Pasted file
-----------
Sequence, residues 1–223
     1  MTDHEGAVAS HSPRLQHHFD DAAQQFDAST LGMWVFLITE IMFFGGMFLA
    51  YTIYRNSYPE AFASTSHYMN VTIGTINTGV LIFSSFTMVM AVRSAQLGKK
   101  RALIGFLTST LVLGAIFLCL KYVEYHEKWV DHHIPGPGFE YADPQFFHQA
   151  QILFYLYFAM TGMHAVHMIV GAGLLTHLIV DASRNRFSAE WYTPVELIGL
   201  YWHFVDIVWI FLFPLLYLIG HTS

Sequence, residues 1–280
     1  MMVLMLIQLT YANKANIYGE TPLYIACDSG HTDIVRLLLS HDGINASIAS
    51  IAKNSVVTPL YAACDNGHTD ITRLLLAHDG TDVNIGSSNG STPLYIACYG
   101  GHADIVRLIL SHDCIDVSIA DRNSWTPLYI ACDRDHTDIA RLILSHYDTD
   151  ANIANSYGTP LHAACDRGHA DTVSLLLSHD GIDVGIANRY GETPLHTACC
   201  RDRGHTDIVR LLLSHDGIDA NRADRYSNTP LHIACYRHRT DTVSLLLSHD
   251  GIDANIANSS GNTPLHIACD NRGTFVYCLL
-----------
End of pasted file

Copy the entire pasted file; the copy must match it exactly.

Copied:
Sequence, residues 1–223
     1  MTDHEGAVAS HSPRLQHHFD DAAQQFDAST LGMWVFLITE IMFFGGMFLA
    51  YTIYRNSYPE AFASTSHYMN VTIGTINTGV LIFSSFTMVM AVRSAQLGKK
   101  RALIGFLTST LVLGAIFLCL KYVEYHEKWV DHHIPGPGFE YADPQFFHQA
   151  QILFYLYFAM TGMHAVHMIV GAGLLTHLIV DASRNRFSAE WYTPVELIGL
   201  YWHFVDIVWI FLFPLLYLIG HTS

Sequence, residues 1–280
     1  MMVLMLIQLT YANKANIYGE TPLYIACDSG HTDIVRLLLS HDGINASIAS
    51  IAKNSVVTPL YAACDNGHTD ITRLLLAHDG TDVNIGSSNG STPLYIACYG
   101  GHADIVRLIL SHDCIDVSIA DRNSWTPLYI ACDRDHTDIA RLILSHYDTD
   151  ANIANSYGTP LHAACDRGHA DTVSLLLSHD GIDVGIANRY GETPLHTACC
   201  RDRGHTDIVR LLLSHDGIDA NRADRYSNTP LHIACYRHRT DTVSLLLSHD
   251  GIDANIANSS GNTPLHIACD NRGTFVYCLL